After all our press on Jody O’Neill’s play, we couldn’t wait to see the play ourselves. Our Vice-CEO Fiona Ferris came as part of the Q&A at the end, whereas myself and policy officer Gaibhinn attended in the audience. Unlike other articles this is more of an opinion piece. Before working at AsIAm I wrote a comedy show about autism. However, my show was a stand up show at a quarter of WIDKAA’s length and far less ambitious. I was excited to watch it both as a advocate and an entertainer.
The play’s story is non-linear but guided by a helpful social story on the stage. The relaxed format was helpful, and it was heartening to see audience members stimming in their seats. It was also helpful to have enough light to take notes! The play also included two opportunities for audiences to ask questions, aided by a helpful egg timer to avoid running overtime. Despite the many scene changes the cast make the transitions seamlessly, no doubt helped by the steady direction of Dónal Gallagher
O’Neill’s writing ambitiously covers a huge range of situations that every autistic person in the audience will empathise with. From the childhood trials of school and family photos to the more adult concerns of relationships and disclosing a diagnosis, the script covers a number of key points in the autistic lifetime. The play is a powerful articulation of autistic identity. The play’s characters refuse to see themselves as defective and insist upon their own humanity.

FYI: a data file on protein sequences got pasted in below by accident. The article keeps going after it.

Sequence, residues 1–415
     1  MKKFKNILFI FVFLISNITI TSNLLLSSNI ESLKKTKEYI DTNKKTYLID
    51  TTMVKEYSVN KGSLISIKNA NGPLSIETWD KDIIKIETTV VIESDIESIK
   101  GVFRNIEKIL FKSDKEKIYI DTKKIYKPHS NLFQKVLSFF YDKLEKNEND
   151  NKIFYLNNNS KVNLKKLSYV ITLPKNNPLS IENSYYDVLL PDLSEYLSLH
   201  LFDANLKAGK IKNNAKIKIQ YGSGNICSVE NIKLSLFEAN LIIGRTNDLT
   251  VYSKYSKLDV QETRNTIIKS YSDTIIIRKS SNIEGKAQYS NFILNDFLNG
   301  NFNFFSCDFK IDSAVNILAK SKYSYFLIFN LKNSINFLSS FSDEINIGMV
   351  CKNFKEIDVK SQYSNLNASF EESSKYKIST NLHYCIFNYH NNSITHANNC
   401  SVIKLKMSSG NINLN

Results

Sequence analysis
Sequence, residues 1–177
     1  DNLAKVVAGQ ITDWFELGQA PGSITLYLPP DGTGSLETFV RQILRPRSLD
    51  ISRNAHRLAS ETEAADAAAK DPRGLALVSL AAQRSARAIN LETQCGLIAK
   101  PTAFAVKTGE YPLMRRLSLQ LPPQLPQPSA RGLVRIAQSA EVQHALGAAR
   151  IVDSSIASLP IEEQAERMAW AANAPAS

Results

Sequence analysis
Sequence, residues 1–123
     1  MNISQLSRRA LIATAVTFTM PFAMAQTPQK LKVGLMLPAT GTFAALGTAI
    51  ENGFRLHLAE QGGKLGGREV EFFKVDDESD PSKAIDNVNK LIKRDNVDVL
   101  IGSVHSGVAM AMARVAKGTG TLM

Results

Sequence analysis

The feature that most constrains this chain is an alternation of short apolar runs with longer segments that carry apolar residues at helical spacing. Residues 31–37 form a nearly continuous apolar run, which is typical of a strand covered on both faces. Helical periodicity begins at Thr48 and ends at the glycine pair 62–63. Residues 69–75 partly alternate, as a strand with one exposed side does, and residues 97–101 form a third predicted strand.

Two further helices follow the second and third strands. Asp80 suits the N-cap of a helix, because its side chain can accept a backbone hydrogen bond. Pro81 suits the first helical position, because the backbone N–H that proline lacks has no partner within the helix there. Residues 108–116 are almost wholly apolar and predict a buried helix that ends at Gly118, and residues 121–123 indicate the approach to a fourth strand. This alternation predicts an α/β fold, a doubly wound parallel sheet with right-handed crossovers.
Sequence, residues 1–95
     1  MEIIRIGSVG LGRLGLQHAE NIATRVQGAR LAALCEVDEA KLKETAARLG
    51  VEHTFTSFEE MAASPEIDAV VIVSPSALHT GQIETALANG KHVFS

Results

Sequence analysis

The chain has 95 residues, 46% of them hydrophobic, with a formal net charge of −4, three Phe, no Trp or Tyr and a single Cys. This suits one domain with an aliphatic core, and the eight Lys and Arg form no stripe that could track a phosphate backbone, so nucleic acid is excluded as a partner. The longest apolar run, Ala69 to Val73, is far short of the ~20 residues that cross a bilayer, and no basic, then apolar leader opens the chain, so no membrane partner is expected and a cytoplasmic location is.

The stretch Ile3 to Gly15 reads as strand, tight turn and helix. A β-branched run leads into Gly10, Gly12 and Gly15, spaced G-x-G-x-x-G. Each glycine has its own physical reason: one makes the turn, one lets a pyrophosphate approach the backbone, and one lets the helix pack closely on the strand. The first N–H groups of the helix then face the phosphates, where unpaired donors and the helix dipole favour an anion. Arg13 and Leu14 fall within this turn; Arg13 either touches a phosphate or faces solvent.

Despite this positivity, the play does not shy away from darker subject matter. The historic use of damaging treatments within the medical model, turning the ‘cures’ publicised online into the stuff of nightmares. Through a musical analogy one scene tackles the controversial and potentially traumatising aspects of ABA. Without spoiling too much, these scenes are rather the tip of the iceberg.
Music and choreography blend into the show, which makes sense given O’Neill’s dance background. Not only is there an excellent stim sequence, the cast comes together in a magnificent song explaining the history of autism. Music features in other points and consistently manages to strike the balance between educational and entertaining.
What really shines through the play is an emphasis on family. O’Neill’s son led her to research the play and ultimately get her diagnosis but I think it goes beyond that. Parents are shown in a number of different contexts in the play. The tolerance of the parents varies from scene to scene. O’Neill emphasises the role of understanding and acceptance in childhood in fostering good mental health in autistic people of all ages.
Once the show ended, the cast (joined by Fiona) answered various questions from the audience, which was a mixture of parents, professionals and autistic people. The questions were complicated but the crew persevered and answered them with a depth of knowledge no doubt informed by both lived experience and the research involved in putting the show together. The questions weren’t easily but it was heartening to see the neurotypical audience members engaging seriously with the show’s content. Questions ranged from the legal obligation to disclose one’s diagnosis at work, to the difficulties of autistic adulthood after school.